of 20,000- cubic feet for gas. Inside the big
gm bag Is a malter. balloon for air. with
8.3US cubic feet capacity as a preventative
against undue expansion gas from in the
big balloon.
The material of which the balloon la
composed consists of two layers of Japan
ese silk, with a layer of vulcanised rubber
between. '
The car la built of spruce and Is sixty
six feet long by two and one-half feet
wide, and two and one-half feet high.
The motor is a 20-horse power water
cooled Curtis engine. The propeller Is at
the front of the car and Is connected to
the engine by a steel shaft. The screw
has a diameter of ten feet and eight Inches,
with 4t0 revolutions per minute1.
A vertical plane Is provided at the Vear
end of the car for guiding and to prevent
pitching. A double horizontal plane Is pro
vided at the front end of the car to con
trol the vertical motion and prevent pitch
ing. Airship Lifts Half Ton.
The balloon has a lifting. power of 1.330
pounds and Is capable of a speed of nine
teen snd six-tenths of a mile per hour, and
can run for two hours at thla speed.
The airship has already made several suc
cessful flights at Fort Myer and Is under
full control of 'the operstor. It can easily
carry two men.
A detail of Sixteen officers of the 81gnal
corpa Is under orders to proceed to Fort
Omaha from Fort Leavenworth for instruc
tion in ballooning. The detail will go under
comand of Major Edgar Russell, who is
at present In charge of the signs! school
at Fort Leavenworth. The detail Is ex
pected to arrive In Omaha during the latter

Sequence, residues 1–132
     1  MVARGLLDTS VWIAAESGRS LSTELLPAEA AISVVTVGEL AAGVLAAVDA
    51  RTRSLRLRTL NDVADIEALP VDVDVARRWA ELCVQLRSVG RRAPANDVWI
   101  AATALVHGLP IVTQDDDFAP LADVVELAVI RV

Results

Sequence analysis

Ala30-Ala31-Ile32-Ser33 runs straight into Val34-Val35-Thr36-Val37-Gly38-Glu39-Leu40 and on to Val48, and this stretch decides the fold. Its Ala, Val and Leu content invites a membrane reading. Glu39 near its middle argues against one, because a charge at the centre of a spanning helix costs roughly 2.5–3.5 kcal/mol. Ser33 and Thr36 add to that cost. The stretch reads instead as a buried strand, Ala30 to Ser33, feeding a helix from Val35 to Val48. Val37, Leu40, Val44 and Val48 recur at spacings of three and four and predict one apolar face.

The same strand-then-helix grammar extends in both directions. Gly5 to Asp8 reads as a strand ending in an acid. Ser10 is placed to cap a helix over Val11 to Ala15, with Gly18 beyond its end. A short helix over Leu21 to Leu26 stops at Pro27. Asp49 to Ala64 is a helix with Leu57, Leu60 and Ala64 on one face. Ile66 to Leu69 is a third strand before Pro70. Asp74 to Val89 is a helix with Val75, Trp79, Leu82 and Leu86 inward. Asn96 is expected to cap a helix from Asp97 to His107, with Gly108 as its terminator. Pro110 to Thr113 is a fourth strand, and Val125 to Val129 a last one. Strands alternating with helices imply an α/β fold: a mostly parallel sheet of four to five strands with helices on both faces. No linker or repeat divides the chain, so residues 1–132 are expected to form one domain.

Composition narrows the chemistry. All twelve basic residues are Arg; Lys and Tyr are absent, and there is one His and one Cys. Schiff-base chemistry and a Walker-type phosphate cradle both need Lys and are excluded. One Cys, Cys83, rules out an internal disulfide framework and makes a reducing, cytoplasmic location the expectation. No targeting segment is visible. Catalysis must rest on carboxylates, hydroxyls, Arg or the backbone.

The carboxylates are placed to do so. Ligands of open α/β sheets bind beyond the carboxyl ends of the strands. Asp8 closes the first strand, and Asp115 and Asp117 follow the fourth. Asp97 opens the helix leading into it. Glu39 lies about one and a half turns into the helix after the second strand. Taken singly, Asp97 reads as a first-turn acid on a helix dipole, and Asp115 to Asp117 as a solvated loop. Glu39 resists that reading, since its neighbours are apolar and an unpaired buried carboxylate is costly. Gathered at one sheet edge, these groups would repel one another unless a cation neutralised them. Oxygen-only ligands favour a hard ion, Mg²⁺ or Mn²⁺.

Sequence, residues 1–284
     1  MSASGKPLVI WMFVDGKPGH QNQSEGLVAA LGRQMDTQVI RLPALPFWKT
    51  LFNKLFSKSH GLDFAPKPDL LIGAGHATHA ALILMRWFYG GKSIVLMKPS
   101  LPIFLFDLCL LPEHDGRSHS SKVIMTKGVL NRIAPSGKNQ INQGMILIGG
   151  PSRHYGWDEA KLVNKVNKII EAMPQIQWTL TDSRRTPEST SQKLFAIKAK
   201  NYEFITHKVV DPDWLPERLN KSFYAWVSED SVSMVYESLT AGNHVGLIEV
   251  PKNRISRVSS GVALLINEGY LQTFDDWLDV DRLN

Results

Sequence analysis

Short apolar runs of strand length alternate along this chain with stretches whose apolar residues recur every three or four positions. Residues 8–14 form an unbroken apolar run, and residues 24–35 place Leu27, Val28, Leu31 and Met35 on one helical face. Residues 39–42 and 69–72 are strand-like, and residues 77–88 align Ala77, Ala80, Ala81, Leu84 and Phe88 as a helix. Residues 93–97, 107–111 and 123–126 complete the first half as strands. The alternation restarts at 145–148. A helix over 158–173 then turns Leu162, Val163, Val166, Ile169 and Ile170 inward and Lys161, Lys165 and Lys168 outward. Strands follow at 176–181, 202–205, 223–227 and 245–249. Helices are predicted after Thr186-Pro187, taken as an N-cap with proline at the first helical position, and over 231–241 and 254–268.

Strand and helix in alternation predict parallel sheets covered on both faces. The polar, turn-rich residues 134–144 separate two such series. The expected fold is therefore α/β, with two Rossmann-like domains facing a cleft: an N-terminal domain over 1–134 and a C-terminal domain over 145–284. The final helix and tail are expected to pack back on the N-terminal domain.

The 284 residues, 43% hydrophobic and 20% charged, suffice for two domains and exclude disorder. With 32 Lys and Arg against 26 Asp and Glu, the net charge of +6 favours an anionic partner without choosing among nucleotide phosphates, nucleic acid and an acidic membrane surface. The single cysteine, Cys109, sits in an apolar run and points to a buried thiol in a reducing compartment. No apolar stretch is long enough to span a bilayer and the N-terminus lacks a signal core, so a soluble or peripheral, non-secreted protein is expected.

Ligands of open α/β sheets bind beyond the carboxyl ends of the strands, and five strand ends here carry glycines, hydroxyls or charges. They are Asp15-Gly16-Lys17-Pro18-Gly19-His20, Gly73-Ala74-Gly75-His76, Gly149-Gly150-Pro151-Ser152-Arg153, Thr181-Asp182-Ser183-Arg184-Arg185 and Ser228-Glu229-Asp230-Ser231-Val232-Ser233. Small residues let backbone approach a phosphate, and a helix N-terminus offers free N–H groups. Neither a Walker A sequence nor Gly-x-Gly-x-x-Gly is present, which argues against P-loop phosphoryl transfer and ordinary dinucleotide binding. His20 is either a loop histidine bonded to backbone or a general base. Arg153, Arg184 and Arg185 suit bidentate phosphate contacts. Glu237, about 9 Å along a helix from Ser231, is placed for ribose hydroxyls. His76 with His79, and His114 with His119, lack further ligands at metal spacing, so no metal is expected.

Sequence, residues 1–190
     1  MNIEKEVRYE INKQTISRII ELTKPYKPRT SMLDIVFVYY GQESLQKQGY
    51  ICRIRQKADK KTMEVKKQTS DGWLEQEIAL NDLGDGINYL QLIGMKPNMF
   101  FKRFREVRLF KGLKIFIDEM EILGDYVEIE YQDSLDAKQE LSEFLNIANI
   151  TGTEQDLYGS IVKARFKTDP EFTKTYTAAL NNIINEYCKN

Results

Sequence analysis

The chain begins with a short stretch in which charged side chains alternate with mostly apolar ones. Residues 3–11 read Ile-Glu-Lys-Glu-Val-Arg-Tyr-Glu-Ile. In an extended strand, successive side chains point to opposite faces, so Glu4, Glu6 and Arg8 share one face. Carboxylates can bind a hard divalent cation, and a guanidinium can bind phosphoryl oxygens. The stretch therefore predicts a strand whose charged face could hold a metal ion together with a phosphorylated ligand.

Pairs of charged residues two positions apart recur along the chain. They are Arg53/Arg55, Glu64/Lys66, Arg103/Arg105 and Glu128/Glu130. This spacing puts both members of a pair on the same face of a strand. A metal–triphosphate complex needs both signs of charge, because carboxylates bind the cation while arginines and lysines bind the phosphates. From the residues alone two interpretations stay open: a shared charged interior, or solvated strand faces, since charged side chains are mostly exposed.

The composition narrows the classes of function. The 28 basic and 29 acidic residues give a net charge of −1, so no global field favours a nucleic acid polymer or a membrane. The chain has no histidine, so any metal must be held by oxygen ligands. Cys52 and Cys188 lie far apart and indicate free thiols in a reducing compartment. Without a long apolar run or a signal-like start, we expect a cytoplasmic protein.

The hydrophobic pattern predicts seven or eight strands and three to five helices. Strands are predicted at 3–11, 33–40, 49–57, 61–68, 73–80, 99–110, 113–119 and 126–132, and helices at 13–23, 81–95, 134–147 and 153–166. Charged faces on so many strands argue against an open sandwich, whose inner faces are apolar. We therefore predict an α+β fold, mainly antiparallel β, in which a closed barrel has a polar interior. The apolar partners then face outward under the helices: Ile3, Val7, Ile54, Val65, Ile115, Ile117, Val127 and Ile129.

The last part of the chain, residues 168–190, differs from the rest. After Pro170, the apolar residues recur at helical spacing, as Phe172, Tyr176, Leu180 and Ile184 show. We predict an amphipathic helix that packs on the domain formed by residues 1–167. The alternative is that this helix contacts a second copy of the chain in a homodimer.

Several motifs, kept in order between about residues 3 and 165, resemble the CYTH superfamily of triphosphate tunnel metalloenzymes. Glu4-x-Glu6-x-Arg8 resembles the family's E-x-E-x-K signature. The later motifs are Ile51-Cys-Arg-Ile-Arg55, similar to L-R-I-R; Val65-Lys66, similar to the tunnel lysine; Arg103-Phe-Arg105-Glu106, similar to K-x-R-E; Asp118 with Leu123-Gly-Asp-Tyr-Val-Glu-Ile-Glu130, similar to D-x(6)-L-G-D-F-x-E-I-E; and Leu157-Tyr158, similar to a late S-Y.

part of this or early next week.
"We are extremely glad that the dirigible
balloon is here," said Colonel Glaasford, j
"and we ahall proceed with the experi
ments aa soon aa things can be made
ready. The experiments will continue all
during the summer. We do not know
yet what other balloon equipment will be
aent US, as we have to depend largely upon
the papers for our Information, until def
inite information la sent us from Washing
ton." '
Fort Omaha a Park.
Fort Omaha la now kit ita prettiest and
lta park-like appearance makes It a pleas
ant resort. The grounds are spacious and
are cared for constantly, surpassing In real
beauty any of the Omaha parks. The offi
cers will at all times be pleased to have
people visit the grounds. There is much to
(Continued on Second Page.)
Commissioner Smith point out that while
the taxation of Individuals throughout New
Englanu is on substantially tha aame basla,
there la a wide diversity among the several
atatea in both the theory and practice of
the taxation of corporations. He notes as